#40 | THE WATERMELON BUS

“Everything you can imagine is real.”

—Pablo Picasso

 

We were driving through rural, agricultural Florida just north of Lake Okeechobee when I saw it.

“What is that?” I said, removing my sunglasses for a second look.

Several vehicles ahead, on a four-way section of downtown road, was an old yellow school bus with the entire top cut off and the seats removed. Inside, filling the cavernous space, were watermelons . . . thousands of watermelons.

“Look! They’re off to watermelon school,” I said to my wife Alison. “It must be a private school. They’re all dressed alike.”

A couple of miles down the road I spotted another watermelon bus equally topless and fully loaded as a makeshift agricultural transport.

“Brilliant,” I said.  “I want one.”

Alison was driving (as usual when we road-trip), so I pulled out my phone, went on eBay, and typed in school bus. Sure enough, I could buy one with the tap of a finger. There was a 2005 Thomas Freightliner for $1,625, and a 2007 Blue Bird 84-passenger with 226,104 miles, for $699.99.

As it turns out, there are lots of used school buses available. They’re cheap, and you can own one in minutes.  Cutting the top off and growing enough watermelons to fill it however is a different matter.

* * *

As we reached I-95 near Vero Beach, I still had watermelon buses on my mind. How utilitarian, creative, resourceful, and quintessentially American-free-enterprise they were. Some original, creative soul has taken something of no further value to its original owner (a retired school bus) and then reimagined its potential for a completely different industry.

If someone had asked me yesterday what could be done with a used school bus, I certainly wouldn’t have come up with transporting watermelons as an option.

This is dispersed power in action. No two people see the world exactly the same way—and that’s a huge advantage in terms of the potential for local-level creativity and leadership.

From 1988 to 1991, right after graduating from college, I taught Russian and Soviet history at a prep school in Maine.  Flashing back to that place and era, I imagined all the old Soviet school buses being sent to a central scrap heap for processing and disposal. No creative reimagining in that system! No watermelon buses, to be sure.

Today, in America, old buses end up on eBay where buyers and sellers make their own choices about current value and future use. Only in this kind of dispersed power system can you find such creativity, and as I browse once again I’m still super tempted to buy one.

What would I turn it into?

It all makes me think: What’s your watermelon bus? Where in your life have you taken something of little or no value to others and reimagined and repurposed it as something valuable just for you?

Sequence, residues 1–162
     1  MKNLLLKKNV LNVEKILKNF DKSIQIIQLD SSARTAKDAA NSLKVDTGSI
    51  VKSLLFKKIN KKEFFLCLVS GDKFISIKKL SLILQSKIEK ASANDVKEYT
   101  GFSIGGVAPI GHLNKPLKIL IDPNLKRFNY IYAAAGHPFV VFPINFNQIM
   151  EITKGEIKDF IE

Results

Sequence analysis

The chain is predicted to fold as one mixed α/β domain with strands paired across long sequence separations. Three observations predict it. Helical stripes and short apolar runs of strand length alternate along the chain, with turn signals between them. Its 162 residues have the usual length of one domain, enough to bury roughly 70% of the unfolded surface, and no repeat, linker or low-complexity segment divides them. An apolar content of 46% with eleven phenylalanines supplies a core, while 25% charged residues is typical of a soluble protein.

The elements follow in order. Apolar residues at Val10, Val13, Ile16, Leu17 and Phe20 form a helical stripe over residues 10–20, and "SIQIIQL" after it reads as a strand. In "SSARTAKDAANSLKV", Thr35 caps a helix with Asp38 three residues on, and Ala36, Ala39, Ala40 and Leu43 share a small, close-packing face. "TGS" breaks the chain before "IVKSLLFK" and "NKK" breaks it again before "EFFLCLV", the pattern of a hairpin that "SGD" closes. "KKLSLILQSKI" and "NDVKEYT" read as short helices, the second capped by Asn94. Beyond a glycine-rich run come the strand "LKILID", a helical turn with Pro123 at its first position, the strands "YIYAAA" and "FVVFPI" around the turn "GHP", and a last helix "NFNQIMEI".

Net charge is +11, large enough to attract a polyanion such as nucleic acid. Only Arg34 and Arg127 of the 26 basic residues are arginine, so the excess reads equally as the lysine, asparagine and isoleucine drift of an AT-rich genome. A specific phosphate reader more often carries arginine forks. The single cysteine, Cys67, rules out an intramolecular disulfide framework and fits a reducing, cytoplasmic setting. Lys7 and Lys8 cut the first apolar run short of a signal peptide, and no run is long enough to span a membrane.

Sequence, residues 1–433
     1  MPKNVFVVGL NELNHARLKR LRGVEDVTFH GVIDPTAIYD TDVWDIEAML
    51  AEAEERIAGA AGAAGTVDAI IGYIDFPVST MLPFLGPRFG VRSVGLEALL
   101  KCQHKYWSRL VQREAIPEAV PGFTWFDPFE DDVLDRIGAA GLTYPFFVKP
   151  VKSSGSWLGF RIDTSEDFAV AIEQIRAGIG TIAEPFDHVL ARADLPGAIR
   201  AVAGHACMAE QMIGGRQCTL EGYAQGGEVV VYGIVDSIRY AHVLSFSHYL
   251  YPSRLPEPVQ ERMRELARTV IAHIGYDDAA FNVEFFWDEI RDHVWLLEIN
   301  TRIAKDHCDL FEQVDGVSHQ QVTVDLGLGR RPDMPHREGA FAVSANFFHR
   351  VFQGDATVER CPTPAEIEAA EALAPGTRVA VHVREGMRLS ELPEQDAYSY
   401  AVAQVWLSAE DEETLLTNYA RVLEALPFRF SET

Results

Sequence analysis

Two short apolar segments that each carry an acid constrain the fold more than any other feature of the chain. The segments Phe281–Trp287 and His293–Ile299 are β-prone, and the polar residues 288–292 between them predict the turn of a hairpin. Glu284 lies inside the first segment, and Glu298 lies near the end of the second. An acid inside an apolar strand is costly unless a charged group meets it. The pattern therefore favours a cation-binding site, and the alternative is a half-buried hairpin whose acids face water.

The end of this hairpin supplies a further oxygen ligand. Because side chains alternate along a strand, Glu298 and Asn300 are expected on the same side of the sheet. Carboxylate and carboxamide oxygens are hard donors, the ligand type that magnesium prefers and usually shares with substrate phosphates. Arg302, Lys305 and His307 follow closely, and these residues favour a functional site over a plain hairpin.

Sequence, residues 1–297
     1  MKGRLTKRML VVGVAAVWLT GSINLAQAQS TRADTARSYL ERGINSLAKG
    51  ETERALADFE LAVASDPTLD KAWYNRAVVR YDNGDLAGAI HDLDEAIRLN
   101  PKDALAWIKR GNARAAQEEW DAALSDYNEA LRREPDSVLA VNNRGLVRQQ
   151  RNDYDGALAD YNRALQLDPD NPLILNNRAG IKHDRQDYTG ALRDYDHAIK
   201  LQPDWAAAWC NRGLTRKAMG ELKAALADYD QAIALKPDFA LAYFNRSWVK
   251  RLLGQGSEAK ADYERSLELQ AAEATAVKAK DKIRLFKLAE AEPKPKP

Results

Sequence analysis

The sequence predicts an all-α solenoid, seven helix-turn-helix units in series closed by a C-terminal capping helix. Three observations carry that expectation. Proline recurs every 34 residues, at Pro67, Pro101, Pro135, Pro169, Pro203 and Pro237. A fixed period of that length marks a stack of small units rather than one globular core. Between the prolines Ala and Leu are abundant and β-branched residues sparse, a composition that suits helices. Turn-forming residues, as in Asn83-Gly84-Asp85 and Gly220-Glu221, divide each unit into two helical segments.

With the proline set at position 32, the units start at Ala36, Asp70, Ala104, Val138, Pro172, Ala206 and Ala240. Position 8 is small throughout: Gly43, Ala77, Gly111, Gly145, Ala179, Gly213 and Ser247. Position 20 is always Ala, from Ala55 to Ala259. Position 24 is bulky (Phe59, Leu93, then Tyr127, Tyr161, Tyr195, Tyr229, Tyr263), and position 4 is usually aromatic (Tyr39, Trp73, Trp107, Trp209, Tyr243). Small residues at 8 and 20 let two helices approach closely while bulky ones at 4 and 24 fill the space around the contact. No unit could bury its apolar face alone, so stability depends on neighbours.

My voice disorder (spasmodic dysphonia) is a watermelon bus. On the surface it’s nothing more than a literal pain in the neck, which for a long time made the simple act of speaking a difficult chore. But then I reinvented and reimagined SD into something different, something valuable. My voice condition was a symbolic invitation to disperse power, share leadership, and strengthen the voices of others. It was an opportunity to decentralize power and advocate for a corporate values system in which everyone felt trusted, respected, valued, heard, and safe. I turned an incurable neurological disorder into a watermelon bus.

All of that was invented in my head and that alone made it real – gave it life.

You’ve done this, too; I’m sure of it!

Reflect for a moment on the literal and symbolic watermelon buses you’ve created in your life—the places and situations where you’ve found value when others saw none.

That’s self-awareness. That’s dispersed power. It’s what the Sioux call the Seventh Power, which is the innate ability of the individual human spirit to manifest the divine light that lives within us all.

Be thankful and proud of the watermelon buses you’ve created and give all those around you the space and trust to do the same.

 

“This is a hard truth for some to accept; that a lack of resources may not be their true constraint, just a lack of resourcefulness.”

—David Burkus

______

Thank you for considering my thoughts. In return I honor yours. Every voice matters. Nestled between our differences lies our future.

______

This is the fortieth post in a series of short essays to be posted by Kevin to www.thebusinessofsharedleadership.com in 2021. Kevin is dedicating these writings in honor of Black Elk, the Oglala Sioux holy man who was escorted as a child on a sacred vision quest by the 48 horses of the four directions to visit the six Grandfathers. My horses, prancing they are coming. They will dance; may you behold them. On that journey Black Elk understood the sacred power that dwelled within him and lives within us all. He also recognized that this power could be used for good or bad. Intentional we must be about the path we walk. To invite others to join The Business of Shared Leadership and receive these posts, just pass this link along. The more who join, the deeper the energy field of engagement will become! Thank you!




#19 | INDIGENOUS WISDOM